We become mature adults when we have learned to live with inequality. We then no longer confuse injustice with inequality. After all, injustice is not inequality, but is rather that which prevents motivated people from advancing. You do not need a theory of society to understand this, just common sense.

The Paternalism of the Preventative Welfare State

The state is increasingly interfering in even the most trivial matters of citizens. It provides for the health, work, education, and training of its citizens, but it  also takes it upon itself to safeguard our mental health and instills in us the correct feelings and ideas. In modern mass democracies, those in power are no longer tyrants but guardians.

Welfare state policy creates immaturity, that is, that state of mind resisted by every form of enlightenment. And just as it takes courage to use one’s own intellect, it takes pride to live one’s own life independently. Therefore, as in the Middle Ages, personal pride is the greatest sin in the welfare state. For the parental state does not want its children to grow up. But the paternalism of the provident welfare state is not simply forced upon people—they want it, because it relieves them of the burden of freedom. A world managed by guardians is a dream come true for many.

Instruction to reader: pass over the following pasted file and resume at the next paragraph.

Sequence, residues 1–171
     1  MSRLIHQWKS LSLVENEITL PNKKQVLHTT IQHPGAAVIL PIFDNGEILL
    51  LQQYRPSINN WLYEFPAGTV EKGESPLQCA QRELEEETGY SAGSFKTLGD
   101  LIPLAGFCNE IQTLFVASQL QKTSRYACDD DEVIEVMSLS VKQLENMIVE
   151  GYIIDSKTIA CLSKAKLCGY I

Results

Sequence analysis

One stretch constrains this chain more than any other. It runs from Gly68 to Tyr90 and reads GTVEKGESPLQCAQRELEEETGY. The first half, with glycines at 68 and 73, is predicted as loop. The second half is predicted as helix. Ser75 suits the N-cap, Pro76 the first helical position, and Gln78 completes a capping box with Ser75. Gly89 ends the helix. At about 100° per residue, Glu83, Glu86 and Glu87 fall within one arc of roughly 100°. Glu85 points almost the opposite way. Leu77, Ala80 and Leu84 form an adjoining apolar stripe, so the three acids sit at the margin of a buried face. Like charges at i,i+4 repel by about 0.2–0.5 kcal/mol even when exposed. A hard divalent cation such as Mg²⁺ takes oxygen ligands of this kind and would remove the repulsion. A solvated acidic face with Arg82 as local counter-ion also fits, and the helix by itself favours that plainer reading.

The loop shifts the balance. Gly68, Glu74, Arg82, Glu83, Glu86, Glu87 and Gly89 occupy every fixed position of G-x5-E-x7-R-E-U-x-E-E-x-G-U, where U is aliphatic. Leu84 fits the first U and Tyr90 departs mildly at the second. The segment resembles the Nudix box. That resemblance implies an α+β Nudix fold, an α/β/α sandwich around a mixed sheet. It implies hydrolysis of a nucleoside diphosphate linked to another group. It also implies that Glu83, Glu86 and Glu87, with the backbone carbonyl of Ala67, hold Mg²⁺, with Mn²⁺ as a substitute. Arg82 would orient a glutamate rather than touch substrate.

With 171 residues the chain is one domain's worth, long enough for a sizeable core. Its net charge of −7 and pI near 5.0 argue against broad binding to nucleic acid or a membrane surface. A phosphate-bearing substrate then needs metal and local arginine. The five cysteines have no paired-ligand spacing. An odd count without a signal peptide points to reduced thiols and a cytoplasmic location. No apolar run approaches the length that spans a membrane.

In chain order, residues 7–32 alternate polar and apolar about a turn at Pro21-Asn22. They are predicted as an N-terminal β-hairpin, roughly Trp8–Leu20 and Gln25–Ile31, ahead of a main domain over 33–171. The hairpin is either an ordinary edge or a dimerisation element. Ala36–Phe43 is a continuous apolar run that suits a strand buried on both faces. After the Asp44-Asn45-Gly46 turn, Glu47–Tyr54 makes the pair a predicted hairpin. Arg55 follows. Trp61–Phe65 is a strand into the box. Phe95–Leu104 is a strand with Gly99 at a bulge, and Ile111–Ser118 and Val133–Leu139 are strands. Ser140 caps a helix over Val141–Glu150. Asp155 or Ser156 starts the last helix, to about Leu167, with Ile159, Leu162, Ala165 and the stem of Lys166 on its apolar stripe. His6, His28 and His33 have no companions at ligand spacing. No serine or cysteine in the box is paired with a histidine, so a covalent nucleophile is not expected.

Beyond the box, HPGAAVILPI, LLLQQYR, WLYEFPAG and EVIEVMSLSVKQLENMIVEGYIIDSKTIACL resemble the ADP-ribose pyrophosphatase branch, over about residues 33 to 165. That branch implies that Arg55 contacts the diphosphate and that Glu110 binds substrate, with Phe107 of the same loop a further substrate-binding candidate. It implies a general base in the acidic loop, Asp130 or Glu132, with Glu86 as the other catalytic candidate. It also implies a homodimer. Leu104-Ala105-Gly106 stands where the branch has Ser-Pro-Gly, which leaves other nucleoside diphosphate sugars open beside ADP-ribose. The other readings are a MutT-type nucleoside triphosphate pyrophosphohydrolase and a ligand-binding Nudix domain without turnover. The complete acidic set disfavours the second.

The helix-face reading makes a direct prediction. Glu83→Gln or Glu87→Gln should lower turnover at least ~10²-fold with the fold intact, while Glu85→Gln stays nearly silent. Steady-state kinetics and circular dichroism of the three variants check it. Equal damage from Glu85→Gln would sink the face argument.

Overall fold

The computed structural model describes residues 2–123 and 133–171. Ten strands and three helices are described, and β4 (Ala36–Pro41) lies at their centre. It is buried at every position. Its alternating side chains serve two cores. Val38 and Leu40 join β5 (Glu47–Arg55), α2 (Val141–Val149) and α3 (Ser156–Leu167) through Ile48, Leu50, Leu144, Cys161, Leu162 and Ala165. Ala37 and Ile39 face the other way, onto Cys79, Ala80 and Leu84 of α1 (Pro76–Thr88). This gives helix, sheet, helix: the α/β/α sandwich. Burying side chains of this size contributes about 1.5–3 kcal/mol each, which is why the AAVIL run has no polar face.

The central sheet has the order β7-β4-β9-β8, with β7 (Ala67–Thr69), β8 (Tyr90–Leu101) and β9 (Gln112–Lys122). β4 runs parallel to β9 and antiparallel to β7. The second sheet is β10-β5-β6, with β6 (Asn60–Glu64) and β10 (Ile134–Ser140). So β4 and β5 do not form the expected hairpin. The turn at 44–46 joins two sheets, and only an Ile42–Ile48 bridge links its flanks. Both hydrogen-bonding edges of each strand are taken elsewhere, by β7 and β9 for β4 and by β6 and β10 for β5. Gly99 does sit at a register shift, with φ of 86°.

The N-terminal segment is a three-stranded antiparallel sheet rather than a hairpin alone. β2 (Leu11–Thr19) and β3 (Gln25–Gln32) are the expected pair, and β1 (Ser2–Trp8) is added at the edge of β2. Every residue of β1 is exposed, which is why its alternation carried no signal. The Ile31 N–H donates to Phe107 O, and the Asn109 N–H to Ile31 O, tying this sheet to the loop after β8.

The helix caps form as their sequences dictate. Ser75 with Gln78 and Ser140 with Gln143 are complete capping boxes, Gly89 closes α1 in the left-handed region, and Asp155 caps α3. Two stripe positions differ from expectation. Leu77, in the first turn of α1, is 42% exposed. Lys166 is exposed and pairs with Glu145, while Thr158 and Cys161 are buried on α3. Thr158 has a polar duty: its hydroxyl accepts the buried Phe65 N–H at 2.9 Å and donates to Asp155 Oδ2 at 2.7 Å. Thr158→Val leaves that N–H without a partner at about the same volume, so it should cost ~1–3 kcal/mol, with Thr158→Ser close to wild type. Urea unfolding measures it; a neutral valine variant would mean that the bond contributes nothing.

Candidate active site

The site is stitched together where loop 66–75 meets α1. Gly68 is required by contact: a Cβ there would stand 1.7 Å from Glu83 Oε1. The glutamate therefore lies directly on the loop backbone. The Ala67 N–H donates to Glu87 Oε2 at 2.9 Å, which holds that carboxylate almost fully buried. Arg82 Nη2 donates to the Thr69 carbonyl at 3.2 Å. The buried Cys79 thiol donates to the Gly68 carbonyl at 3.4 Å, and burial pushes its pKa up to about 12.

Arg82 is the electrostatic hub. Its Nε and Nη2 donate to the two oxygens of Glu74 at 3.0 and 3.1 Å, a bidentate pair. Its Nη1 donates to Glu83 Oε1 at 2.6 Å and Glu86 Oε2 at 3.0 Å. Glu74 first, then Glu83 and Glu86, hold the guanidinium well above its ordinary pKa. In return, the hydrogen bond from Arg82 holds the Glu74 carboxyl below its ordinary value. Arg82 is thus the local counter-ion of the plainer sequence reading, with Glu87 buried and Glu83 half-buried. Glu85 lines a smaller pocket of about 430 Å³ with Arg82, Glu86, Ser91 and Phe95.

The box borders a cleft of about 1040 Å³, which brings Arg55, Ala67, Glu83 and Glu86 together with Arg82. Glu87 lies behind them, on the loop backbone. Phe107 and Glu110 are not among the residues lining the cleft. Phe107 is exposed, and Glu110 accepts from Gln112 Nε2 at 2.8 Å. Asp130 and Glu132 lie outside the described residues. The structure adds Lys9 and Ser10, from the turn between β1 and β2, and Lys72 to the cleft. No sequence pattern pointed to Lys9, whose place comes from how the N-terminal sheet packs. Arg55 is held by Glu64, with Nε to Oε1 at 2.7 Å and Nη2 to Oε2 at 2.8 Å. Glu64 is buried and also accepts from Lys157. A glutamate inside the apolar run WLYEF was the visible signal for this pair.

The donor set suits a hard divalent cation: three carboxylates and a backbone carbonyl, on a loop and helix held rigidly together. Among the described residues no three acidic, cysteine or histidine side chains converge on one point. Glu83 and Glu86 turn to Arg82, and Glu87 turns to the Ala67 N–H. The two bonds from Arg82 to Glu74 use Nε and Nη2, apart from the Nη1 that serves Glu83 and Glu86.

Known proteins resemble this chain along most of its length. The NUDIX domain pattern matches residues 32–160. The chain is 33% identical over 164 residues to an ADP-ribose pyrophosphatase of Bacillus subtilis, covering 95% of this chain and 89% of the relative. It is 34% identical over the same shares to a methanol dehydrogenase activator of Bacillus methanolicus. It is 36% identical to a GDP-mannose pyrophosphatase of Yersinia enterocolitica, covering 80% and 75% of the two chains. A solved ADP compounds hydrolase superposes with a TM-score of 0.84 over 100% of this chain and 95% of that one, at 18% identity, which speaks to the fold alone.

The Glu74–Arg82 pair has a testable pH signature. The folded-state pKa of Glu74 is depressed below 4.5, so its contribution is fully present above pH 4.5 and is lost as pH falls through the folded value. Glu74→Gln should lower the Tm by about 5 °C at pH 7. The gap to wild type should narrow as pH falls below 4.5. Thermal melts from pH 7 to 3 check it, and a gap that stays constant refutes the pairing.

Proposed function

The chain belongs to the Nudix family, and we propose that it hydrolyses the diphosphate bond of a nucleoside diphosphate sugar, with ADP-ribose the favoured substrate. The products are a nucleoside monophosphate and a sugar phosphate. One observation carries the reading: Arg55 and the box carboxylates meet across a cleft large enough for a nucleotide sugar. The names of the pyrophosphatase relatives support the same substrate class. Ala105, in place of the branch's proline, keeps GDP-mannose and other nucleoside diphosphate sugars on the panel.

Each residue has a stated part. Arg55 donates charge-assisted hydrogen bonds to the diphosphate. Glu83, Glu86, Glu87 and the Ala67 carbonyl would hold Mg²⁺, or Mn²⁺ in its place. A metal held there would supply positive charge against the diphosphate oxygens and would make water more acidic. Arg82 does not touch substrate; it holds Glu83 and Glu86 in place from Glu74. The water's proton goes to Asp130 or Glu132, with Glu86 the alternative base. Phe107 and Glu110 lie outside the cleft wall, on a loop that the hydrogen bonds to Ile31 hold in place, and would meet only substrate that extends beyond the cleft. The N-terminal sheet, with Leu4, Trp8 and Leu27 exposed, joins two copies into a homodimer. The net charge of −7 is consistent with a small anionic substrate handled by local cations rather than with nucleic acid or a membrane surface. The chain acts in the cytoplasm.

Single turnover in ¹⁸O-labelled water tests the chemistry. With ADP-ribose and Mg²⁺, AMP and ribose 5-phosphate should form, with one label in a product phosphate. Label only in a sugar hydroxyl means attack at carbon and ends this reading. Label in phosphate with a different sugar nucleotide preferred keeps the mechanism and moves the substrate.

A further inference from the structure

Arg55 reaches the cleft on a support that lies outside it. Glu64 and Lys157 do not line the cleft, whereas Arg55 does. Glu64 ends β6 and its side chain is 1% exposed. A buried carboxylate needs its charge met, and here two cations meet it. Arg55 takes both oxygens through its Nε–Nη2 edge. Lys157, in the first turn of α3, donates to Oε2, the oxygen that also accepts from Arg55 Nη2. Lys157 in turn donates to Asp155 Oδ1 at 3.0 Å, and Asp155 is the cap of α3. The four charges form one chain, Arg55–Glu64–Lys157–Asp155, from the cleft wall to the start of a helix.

Those who are comprehensively cared for no longer need any free will at all and feel that total provision is a blessing. Democratic despotism relieves people both from the annoyance of reflection and from the hardships of life. A network of small, specific rules hangs over everyone’s existence and makes them dependent on the provident welfare state even in the simplest matters of life. The caregivers see themselves as the good shepherds of a diligent flock. And the few who resist are not coerced but discouraged; they are not tyrannized but demoralized.

Social justice as redistribution provides for the political normalization of immaturity; it teaches people to feel helpless.

The preventative welfare state operates with three shortcomings. It infers: from inequality to disadvantage; from disadvantage to social causes: and from social causes to paternalistic measures. It thus takes on overall responsibility for modern society. Even when it is not yet called by this name, the provident welfare state has gathered for itself new servants—those who are cared for. Today, most people no longer owe their security to the law, but to state welfare. In the preventive welfare state, public welfare becomes preventive: help is provided even when there is no need whatsoever. In concrete terms, this works in such a way that the caregivers generate the need for care by inventing deficits. Thus, the welfare state does not support the needy but rather the social workers and administrators.